The game console war enjoyed a robust battle on Black Friday and we're getting indications now of new momentum for Sony's flagging PlayStation franchise, and continued mega-sales for Nintendo's Wii. Hard data from Sony indicates a strong week for its platform. The company reports that PlayStation 3 hardware sales jumped 245 percent compared to Black Friday sales a year ago.
Since Nov. 2, PS3 sales have soared 298 percent; the portable PSP enjoyed a 136 percent pop from the week before. All good news. If there's a glitch, such that it is, for Sony, it's that PlayStation 2 sales also jumped 287 percent from the previous week. No question, Sony's price cuts are helping the PS3 along, and for many consumers, it was about time Sony got realistic about what shoppers were willing to pay when it came to a game console. Another key data point: Sony's PS3 outsold the Wii in Japan for the first time.
The PS2 sales are an issue though. At a time when the company is desperately trying to steer the market to the new and improved platform, such a major bump in PS2 sales is certainly surprise; not necessarily a good one.
The Wii phenomenon apparently continues unabated. Short supply doesn't mean no supply and when these things make it on to store shelves, they're not there for long. I got an email last night from the company telling me that Wii is only half the story for Nintendo, and despite the blockbuster headlines about the product, the bigger story might be what Nintendo is seeing, sales-wise, with its portable DS.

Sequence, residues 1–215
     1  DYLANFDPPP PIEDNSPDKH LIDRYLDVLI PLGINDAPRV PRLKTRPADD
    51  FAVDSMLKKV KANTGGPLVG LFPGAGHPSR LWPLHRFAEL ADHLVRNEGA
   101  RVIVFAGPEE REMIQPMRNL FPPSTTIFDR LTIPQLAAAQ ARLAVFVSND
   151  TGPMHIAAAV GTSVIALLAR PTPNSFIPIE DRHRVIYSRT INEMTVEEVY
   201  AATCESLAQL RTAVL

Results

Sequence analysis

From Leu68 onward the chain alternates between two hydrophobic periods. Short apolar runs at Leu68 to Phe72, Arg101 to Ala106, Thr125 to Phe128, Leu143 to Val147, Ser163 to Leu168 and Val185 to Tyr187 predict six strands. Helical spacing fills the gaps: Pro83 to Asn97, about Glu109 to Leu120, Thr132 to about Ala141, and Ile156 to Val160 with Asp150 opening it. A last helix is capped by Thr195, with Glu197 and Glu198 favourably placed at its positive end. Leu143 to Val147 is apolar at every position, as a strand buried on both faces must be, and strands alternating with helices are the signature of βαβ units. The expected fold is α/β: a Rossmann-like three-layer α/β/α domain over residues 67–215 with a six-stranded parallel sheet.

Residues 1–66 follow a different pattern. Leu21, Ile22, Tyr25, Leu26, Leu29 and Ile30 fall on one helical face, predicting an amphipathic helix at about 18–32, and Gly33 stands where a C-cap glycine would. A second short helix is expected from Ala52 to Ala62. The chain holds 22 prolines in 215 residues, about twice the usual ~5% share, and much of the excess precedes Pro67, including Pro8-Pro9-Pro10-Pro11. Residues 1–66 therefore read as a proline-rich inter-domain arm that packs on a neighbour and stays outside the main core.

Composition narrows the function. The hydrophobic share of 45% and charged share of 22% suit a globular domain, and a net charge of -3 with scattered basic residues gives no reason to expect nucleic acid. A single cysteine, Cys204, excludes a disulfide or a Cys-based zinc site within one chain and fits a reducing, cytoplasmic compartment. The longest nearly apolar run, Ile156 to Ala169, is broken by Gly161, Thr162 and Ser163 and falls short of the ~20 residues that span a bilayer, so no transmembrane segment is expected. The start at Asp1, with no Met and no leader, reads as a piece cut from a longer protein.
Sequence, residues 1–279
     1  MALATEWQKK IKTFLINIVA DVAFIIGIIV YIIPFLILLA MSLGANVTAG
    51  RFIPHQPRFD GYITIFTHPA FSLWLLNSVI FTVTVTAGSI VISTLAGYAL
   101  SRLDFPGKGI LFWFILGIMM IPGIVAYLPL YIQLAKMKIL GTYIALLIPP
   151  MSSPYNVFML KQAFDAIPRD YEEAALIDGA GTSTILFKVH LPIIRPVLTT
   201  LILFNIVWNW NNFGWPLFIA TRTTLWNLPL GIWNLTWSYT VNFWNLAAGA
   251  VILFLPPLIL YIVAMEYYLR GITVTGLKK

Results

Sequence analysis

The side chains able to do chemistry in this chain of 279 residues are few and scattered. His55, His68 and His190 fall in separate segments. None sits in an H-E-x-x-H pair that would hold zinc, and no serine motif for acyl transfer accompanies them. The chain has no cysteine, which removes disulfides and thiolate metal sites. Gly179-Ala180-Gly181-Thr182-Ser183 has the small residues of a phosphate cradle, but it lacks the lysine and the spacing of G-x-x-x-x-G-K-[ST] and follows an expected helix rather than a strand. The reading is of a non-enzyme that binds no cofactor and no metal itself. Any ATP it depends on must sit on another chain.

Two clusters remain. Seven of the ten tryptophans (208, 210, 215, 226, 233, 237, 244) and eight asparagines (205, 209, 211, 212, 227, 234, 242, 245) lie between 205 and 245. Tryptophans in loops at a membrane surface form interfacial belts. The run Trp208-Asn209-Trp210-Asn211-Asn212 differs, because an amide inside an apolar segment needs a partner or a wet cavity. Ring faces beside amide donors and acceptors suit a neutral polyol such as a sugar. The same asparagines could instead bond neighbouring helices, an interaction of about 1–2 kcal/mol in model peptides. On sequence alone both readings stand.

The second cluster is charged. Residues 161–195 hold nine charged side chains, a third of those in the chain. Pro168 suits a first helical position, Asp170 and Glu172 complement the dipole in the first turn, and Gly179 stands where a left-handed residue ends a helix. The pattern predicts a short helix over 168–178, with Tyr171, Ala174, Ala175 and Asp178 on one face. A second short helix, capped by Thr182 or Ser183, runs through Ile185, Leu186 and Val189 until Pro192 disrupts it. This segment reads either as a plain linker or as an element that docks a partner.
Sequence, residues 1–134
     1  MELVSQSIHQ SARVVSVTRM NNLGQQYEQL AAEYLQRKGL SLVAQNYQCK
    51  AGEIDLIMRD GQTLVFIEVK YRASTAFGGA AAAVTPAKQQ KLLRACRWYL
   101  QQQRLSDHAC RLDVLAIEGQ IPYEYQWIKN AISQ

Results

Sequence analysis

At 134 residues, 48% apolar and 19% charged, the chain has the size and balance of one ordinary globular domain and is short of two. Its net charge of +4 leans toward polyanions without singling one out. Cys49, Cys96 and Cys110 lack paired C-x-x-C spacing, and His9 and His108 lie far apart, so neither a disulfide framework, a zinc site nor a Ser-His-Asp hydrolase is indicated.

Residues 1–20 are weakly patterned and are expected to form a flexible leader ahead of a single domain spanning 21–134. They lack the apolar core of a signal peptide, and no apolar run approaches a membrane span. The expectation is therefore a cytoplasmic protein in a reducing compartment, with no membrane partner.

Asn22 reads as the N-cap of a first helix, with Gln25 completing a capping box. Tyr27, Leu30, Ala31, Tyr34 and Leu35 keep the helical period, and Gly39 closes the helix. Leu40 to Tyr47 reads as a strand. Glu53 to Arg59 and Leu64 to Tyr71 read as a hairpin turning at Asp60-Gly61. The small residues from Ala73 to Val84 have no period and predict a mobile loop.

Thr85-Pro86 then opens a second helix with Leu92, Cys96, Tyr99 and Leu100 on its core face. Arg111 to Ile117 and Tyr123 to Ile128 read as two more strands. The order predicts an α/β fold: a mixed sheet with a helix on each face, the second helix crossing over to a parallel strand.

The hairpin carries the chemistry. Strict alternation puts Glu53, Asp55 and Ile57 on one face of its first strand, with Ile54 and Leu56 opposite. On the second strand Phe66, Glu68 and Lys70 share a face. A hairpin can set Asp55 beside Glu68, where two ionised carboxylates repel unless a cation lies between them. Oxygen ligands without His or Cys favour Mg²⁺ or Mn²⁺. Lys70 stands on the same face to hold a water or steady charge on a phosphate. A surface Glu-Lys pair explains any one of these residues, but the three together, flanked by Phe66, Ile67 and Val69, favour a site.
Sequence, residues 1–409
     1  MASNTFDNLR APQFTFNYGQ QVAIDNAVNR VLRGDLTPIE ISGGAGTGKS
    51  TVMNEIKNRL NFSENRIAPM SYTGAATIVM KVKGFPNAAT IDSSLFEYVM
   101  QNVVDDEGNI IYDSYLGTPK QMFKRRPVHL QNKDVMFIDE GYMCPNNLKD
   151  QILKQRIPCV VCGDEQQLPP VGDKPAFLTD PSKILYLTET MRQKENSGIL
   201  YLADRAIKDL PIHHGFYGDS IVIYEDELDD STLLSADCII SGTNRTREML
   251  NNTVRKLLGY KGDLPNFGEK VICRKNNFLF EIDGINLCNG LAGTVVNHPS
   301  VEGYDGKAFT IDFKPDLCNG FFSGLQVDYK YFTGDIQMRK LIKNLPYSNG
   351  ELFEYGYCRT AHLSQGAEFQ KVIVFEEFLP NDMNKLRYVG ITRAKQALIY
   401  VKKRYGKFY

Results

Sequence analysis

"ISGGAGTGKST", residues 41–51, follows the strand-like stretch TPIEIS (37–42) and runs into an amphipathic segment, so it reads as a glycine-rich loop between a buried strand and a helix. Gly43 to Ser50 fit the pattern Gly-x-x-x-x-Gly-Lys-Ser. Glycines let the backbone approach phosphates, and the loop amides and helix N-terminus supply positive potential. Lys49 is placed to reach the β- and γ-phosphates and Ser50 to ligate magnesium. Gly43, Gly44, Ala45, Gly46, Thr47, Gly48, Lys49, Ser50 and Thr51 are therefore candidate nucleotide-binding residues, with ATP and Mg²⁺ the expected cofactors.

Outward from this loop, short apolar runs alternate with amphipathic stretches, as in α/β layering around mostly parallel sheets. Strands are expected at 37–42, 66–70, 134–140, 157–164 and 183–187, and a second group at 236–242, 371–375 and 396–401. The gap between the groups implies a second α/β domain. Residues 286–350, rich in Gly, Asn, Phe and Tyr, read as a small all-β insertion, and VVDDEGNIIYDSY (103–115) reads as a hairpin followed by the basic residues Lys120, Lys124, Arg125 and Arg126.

The company sold 350,000 Wii's between Nov. 18 and Nov. 25, the best sales week ever for the company. EVER! To give that a little perspective: In the entire month of October, Microsoft sold 366,000 Xbox's; Sony sold 121,000 PS3's. For the month!
Nintendo's portable DS sold a staggering 653,000 units during the same week. But the Wii consoles are still in short supply, despite Nintendo increasing monthly production to 1.8 million units.
Still awaiting hard data from Microsoft , but with all the recent bad press surrounding ongoing console breakdowns, Xbox 360 overheating problems, and a new class-action suit filed by Halo 3 users who complain the game isn't completely compatible with the platform, you gotta wonder whether Sony and Nintendo are capitalizing on Xbox's misfortune.
But no matter how this shakes out, it appears the gaming sector is alive and well and doing extraordinary business. This also bodes very well for the likes of Electronic Arts , and Activision . Investors take heart: all that hype about this becoming a gamer's holiday shopping season appears to be coming true.
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